The Internet may prove to be the greatest human invention of all time. Investing in Internet companies in 2000, however, may prove to have been one of history's greatest follies.

Yet 2000 was a heady year for Internet investment. Guides such as Greg Kyle's 100 Best Internet Stocks to Own showed you "how to get in on this once-in-a-lifetime opportunity." Kyle predicted that there would be 430 million Internet users by 2003, and that by 2005, "consumers will spend $150 billion shopping online."

In fact, those estimates proved conservative. By 2003, nearly 600 million people were online. In 2005, shoppers spent more than $175 billion on the World Wide Web.

Time to cash in
But even though Internet usage blew away expectations, you would have been a big loser if you'd invested in Kyle's 100 best Internet stocks. How much of a loser?

It almost pains us to tell you.

Had you invested $1,000 in each of his 100 Internet names back on April 20, 2000, for a total investment of $100,000, you would have had -- drumroll, please -- $37,814 through September 2007. That's a total return of negative 62%.

You were more likely to pick a company that would go bankrupt than you were to pick a company that simply increased in price!

To the moon!
Even the success stories struggled with their valuations. Shareholders who bought in April 2000 made a small profit (about 10%) when Dow Jones acquired Checkfree, now part of Fiserv (NASDAQ:FISV), returned 39% to shareholders since from 2000 to 2007. Shareholders of Wit Capital Group, which became Soundview Technology, found 42% gains when Schwab (NASDAQ:SCHW) acquired their company.

There were, of course, some amazing returns. You would have done quite well buying Verio, which was acquired in 2000 -- Verio shareholders scored a cool 117% in about a month.

But even the big winners can't change the fact that 18% of Kyle's companies went bankrupt. And many of the companies that survived, including (NASDAQ:DSCM), Sapient (NASDAQ:SAPE), and Quest Software (NASDAQ:QSFT), are down about 50% or more.

What went wrong -- and why
Most of the companies profiled in the book were profitless -- and burning through capital at a rapid rate. Indeed, many of the companies shouldn't have been worth a dime ... let alone billions of dollars.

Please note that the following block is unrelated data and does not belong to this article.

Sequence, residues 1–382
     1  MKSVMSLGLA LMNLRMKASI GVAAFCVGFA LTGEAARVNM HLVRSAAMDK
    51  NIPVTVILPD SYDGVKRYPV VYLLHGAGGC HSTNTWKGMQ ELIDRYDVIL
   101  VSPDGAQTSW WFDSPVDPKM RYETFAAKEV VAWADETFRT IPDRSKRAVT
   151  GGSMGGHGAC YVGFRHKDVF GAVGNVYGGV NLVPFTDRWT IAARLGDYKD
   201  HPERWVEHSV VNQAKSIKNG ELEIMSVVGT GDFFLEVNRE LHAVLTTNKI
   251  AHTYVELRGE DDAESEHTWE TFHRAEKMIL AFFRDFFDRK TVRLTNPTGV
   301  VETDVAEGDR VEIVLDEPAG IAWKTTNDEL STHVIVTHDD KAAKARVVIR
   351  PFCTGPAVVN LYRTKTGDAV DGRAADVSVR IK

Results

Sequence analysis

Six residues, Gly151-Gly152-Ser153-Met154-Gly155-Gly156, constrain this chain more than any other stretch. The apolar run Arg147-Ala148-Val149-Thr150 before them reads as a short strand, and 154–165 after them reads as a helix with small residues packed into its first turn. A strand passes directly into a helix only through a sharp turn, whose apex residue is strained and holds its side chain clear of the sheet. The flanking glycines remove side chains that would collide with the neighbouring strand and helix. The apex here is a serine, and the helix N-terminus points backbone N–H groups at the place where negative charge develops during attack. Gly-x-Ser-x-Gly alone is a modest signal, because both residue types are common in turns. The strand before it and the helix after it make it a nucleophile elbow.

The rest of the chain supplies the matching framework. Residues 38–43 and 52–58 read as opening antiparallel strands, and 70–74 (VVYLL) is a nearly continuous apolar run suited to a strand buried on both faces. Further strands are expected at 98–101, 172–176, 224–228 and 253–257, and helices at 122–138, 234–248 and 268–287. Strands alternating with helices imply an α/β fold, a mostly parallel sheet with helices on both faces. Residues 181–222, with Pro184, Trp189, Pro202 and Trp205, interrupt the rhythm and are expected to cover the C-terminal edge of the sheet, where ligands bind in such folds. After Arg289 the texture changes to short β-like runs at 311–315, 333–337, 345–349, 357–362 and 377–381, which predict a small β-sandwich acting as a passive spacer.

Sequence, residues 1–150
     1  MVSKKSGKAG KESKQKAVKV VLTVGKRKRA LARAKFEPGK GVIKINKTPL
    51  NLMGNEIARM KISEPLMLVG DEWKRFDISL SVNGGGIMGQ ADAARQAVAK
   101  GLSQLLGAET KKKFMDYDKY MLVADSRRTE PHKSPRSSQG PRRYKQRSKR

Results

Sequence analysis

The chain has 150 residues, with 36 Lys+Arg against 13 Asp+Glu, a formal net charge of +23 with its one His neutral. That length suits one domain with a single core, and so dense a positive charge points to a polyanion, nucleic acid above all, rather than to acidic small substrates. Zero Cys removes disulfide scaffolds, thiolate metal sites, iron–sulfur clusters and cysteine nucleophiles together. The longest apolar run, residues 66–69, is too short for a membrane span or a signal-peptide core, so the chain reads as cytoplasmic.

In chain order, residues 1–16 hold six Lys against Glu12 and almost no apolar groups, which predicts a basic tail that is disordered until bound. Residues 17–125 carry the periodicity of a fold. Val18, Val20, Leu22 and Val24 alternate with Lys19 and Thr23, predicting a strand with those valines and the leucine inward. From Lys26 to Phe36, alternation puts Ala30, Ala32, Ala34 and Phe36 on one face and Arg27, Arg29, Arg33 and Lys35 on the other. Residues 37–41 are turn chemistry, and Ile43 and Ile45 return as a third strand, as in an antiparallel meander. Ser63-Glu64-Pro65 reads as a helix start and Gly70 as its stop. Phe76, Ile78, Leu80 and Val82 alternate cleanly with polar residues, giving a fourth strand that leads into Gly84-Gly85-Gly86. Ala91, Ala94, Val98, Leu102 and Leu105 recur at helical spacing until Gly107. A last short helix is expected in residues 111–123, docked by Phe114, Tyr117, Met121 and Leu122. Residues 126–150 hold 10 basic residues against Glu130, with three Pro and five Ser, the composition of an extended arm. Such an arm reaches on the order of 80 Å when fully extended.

See, Internet companies at the turn of the century were expected to generate massive cash profits. They didn't. A stock's value is nothing more than an estimate of its ability to generate cash profits over time. Before long, "market share," "network effects," "eyeballs," and "B2B business models" were exposed as Northern California euphemisms for "no cash."

The value of valuation
That's why valuation is such a critical component of investing. As the Internet mess illustrates, taking a top-down investing approach -- starting with the best, fastest-growing industry -- will lead to failure. Show us that industry and we'll find you a stock operating therein that's going down in flames.

That's why we advocate a bottom-up investing approach. Start at the company level and work up from there.

It's also why there are no no-brainers in investing. Just to repeat: Although the Internet has been even more successful than Kyle imagined, the stocks he profiled were mostly disasters.

China = the new Internet
When an earlier version of this article was published, we made the case that the lesson of the Internet was as timely as ever -- and not because of the burst housing bubble. Why was it timely? China.

After all, the Chinese government was concerned enough about a bubble to triple the tax on stock trades last summer. According to The New York Times, that move was "aimed at braking what many business executives and economists inside and outside China now see as a stock market bubble."

The Chinese index was up 130% in 2006, and another 97% last year. According to data from Forbes, Chinese stocks, as measured by the Shanghai and Shenzhen 300 Index, were trading for 52 times earnings last fall -- at a time when the S&P 500 was going for a P/E of 17. And according to Bloomberg, "Domestic [Chinese] investors opened about 49 million trading accounts [in 2007], nine times the total for 2006."

The more things change ...
Not even a decade later, investors assumed that picking the right place to invest trumped picking the right companies to invest in. The lesson has been just as painful this time around -- Chinese stocks are down more than 60% over the past year.

While "buying China" was a sucker's bet back then, things are a bit different now. For starters, multiples in China have come way down. The likes of Suntech Power (NYSE:STP) and Solarfun Power (NASDAQ:SOLF) have seen P/E multiples contract rapidly.

Although Chinese stocks may still look expensive compared with their American peers, the recent malaise in the Chinese market means that you can buy into the country's great growth story at the best prices in recent memory. That's a major reason why our team at Motley Fool Global Gains recently took a research trip to Asia.

If you'd like to see our team's top ideas from that trip or its five favorite international stocks for new money, we offer a 30-day free trial without obligation to subscribe. Click here for details on this special offer.

This article was first published Sept. 28, 2007. It has been updated.

Neither Brian Richards nor Tim Hanson owns shares of any company mentioned. Schwab is a Stock Advisor selection. Suntech Power is a Rule Breakers pick. The Fool's disclosure policy does a lot of spelunking.

This article represents the opinion of the writer, who may disagree with the “official” recommendation position of a Motley Fool premium advisory service. We’re motley! Questioning an investing thesis -- even one of our own -- helps us all think critically about investing and make decisions that help us become smarter, happier, and richer.